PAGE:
4. Some people will feel sorry for you. This was a bit frustrating. While I was having the time of my life, I would come across other female travellers every now and then who would say something along the lines of, “oh, I could never do that but good for you!” Sometimes, it was a genuine compliment but sometimes, the tone implied “you’re crazy” at which point I tried my best to remain cordial. Some of the locals also felt bad for me but I didn’t mind as much. They were always friendly about it and often more hospitable as a result; this allowed me to learn more about their culture too. I do hope though that overtime, society will become more accepting of solo female travel and not see it as something that is a given impossible or [insert other stereotypes here].

5. You will get travel fatigue. While researching for this trip, I both read and heard that six weeks was long enough to expect weariness at some point and want familiar experiences yet I did not take it seriously. I loved travel, I thought. How could I get tired of it? But a month in, I so did. One week after arriving in Istanbul, I began to feel exhausted, apathetic to travel-related activities and even homesick; I may have also gotten mild food poisoning which did not help. Initially, I thought maybe I had simply become lonely but in hindsight, that was not it. After a couple of days of moping around, I finally decided to pursue the familiar experience and went to the movies. Now, perhaps it was my Marvel obsession or Hugh Jackman but I really enjoyed X Men: Days of Future Past and felt increasingly uplifted. Something just clicked and by the time I left the cinema, it was like my old, happy, energetic self had come back to me! I began enjoying myself again and Istanbul is now my favourite city out of everywhere I have been. So, moral of the story: if you find yourself facing travel fatigue, relax for a few days and try doing something super normal that you enjoy back home. You will get better if you keep trying, I promise.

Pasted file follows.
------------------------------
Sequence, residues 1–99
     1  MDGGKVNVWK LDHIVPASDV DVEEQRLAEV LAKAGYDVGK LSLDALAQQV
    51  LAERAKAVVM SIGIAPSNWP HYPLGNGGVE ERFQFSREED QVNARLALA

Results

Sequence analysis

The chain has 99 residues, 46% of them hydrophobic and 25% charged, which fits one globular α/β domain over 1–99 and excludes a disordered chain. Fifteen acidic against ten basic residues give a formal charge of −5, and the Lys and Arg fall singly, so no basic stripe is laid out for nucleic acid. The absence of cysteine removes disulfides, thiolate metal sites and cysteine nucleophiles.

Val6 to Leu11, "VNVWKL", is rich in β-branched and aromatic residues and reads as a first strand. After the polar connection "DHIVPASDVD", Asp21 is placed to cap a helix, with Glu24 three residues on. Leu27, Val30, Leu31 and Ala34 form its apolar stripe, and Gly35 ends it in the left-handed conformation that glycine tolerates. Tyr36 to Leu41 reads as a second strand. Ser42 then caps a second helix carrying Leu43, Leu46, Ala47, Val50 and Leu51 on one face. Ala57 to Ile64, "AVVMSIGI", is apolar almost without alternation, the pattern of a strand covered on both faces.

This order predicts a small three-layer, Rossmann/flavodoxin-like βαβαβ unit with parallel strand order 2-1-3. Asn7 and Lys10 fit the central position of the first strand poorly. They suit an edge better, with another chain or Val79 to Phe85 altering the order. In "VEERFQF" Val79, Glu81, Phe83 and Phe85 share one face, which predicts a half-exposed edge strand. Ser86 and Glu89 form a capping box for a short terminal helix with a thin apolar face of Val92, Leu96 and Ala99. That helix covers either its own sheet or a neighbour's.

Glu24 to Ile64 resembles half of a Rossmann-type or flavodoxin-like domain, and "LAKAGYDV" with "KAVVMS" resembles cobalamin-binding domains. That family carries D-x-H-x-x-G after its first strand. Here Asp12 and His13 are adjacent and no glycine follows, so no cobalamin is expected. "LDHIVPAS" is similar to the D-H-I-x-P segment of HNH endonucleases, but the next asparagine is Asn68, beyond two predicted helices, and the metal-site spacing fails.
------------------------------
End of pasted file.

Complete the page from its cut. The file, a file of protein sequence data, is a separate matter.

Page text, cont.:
6. It will be one of the most liberating experiences you have ever had. Despite some of the challenges, solo female travel is definitely worthwhile and gives you a sense of freedom like nothing else. You can choose where you want to go and what you want to do everyday. It is true that only you will ever know about all the wonderful things that you have seen since no one else shared the whole experience with you. Nevertheless, realizing that you somehow managed all of this on your own is incredibly empowering and I strongly believe that every woman should travel alone at least once.



  1. Hi Madiha,

    Great post! As I am going on a solo trip for the first time, it really makes me feel more secured after reading your post. As a girl, I think it’s more difficult and dangerous when it comes to travel alone. But we will sure manage it all (power women 😉 ).
    You have a really nice blog 🙂 ‘d love to read more from you


    • Thank you Angela and I’m excited for you! I took a peek at your itinerary and you should be fine. Malaga is lovely and I’ve also heard great things about Morocco including in regards to safety. Have a great trip and I look forward to reading about it! 🙂